As we discussed in our previous blog post about Long Lower Shadow candlesticks, a Japanese candlestick’s lower wick (also called its shadow or tail) plays an important role in conveying the price movement of the interval. It shows the interval’s lowest price, while the bottom of the candle shows the opening price (in a bullish candle) or closing price (in a bearish candle). So what happens if the lower wick is shaved off? This means that the interval’s opening/closing price (depending on the candle’s bullish/bearish sentiment) is the same as the lowest price. In other words, you have a Shaved Bottom candlestick on your hands.
Shaved Bottom Candlestick
This is an easy one! Consisting of just one candle, the Shaved Bottom candlestick has only one defining characteristic. It can appear anywhere on a chart, and it can be white/green (bullish) or black/red (bearish). It may or may not have an upper wick, but (and this is the important part) it cannot have a bottom wick. The tail should be shaved off, the shadow elusive.
The Shaved Bottom (also called the Shaven Bottom) resembles an Inverted Hammer candlestick. In fact, some say the two names can be used interchangeably to describe a candlestick without a lower shadow. Typically, however, the Inverted Hammer has a short body while the Shaved Bottom can have any body length. So in that sense, all Inverted Hammers are also Shaved Bottoms, but only some Shaved Bottoms are also Inverted Hammers.
So what does a Shaved Bottom candlestick mean for you, as a trader?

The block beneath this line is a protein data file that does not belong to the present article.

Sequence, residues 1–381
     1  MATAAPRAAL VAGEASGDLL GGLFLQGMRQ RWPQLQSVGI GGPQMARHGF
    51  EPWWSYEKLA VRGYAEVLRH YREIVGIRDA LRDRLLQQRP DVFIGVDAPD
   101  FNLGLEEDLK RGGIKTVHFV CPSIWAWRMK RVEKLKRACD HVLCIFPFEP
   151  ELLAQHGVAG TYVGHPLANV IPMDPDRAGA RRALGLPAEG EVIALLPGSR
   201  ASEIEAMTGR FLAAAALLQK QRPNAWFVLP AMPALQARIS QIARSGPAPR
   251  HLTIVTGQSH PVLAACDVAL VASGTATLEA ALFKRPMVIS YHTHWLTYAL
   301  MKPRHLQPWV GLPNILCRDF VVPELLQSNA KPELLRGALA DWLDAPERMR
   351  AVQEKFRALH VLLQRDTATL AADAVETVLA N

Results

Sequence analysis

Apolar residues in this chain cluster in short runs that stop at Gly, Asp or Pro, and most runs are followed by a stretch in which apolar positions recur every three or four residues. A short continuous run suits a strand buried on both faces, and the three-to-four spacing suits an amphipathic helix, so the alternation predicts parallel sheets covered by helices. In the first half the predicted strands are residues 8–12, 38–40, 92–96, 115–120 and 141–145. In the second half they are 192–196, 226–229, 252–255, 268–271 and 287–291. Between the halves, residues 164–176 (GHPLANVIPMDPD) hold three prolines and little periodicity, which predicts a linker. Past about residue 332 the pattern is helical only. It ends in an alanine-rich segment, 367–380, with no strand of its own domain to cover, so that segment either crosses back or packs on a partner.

If the interval’s opening price is also its lowest price (forming a bullish candlestick), the bulls have dominated the trading period. Whether the flight is clipped or lengthy, the price has soared upwards. It never drops below the opening price.
If the interval’s closing price is also its lowest point, the day has been defined by a bearish sentiment. Although it may have bounced around at the start, the price at the end of the day was also the lowest price of the day.
Sometimes the Shaved Bottom pattern acts as a bottom reversal signal, but you should always confirm this suspicion by watching the price movement following the appearance of this candlestick. Confirmation is crucial, because the pattern isn’t very decisive. In fact, other times, when identified in an existing trend, the Shaved Bottom can suggest a continuation of the current price movement.
As a one-candle signal, the Shaved Bottom is both unreliable and extremely common. Although not typically useful as an indicator on its own, check to see if it is part of a larger candlestick pattern.
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